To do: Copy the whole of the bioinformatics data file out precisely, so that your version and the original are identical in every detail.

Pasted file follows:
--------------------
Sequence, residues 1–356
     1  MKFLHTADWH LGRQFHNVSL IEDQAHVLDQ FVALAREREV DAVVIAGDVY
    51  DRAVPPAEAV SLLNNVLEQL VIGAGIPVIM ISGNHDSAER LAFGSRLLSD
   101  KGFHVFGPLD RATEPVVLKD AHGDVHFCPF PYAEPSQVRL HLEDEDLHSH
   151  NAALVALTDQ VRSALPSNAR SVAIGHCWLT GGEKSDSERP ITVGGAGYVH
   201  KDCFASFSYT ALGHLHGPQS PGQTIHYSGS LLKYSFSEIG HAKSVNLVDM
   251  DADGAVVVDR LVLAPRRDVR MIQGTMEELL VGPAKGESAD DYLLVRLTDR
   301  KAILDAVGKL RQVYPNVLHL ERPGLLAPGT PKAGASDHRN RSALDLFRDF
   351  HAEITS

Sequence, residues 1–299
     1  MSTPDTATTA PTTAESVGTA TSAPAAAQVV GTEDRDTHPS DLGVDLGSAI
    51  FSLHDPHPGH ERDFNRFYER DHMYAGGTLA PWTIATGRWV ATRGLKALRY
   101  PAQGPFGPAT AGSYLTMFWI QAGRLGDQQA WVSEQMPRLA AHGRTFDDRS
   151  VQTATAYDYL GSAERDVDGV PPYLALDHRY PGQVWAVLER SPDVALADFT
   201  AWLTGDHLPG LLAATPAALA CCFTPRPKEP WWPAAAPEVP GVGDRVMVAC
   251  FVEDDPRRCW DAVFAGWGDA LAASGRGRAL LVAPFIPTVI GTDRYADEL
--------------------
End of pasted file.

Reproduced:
Sequence, residues 1–356
     1  MKFLHTADWH LGRQFHNVSL IEDQAHVLDQ FVALAREREV DAVVIAGDVY
    51  DRAVPPAEAV SLLNNVLEQL VIGAGIPVIM ISGNHDSAER LAFGSRLLSD
   101  KGFHVFGPLD RATEPVVLKD AHGDVHFCPF PYAEPSQVRL HLEDEDLHSH
   151  NAALVALTDQ VRSALPSNAR SVAIGHCWLT GGEKSDSERP ITVGGAGYVH
   201  KDCFASFSYT ALGHLHGPQS PGQTIHYSGS LLKYSFSEIG HAKSVNLVDM
   251  DADGAVVVDR LVLAPRRDVR MIQGTMEELL VGPAKGESAD DYLLVRLTDR
   301  KAILDAVGKL RQVYPNVLHL ERPGLLAPGT PKAGASDHRN RSALDLFRDF
   351  HAEITS

Sequence, residues 1–299
     1  MSTPDTATTA PTTAESVGTA TSAPAAAQVV GTEDRDTHPS DLGVDLGSAI
    51  FSLHDPHPGH ERDFNRFYER DHMYAGGTLA PWTIATGRWV ATRGLKALRY
   101  PAQGPFGPAT AGSYLTMFWI QAGRLGDQQA WVSEQMPRLA AHGRTFDDRS
   151  VQTATAYDYL GSAERDVDGV PPYLALDHRY PGQVWAVLER SPDVALADFT
   201  AWLTGDHLPG LLAATPAALA CCFTPRPKEP WWPAAAPEVP GVGDRVMVAC
   251  FVEDDPRRCW DAVFAGWGDA LAASGRGRAL LVAPFIPTVI GTDRYADEL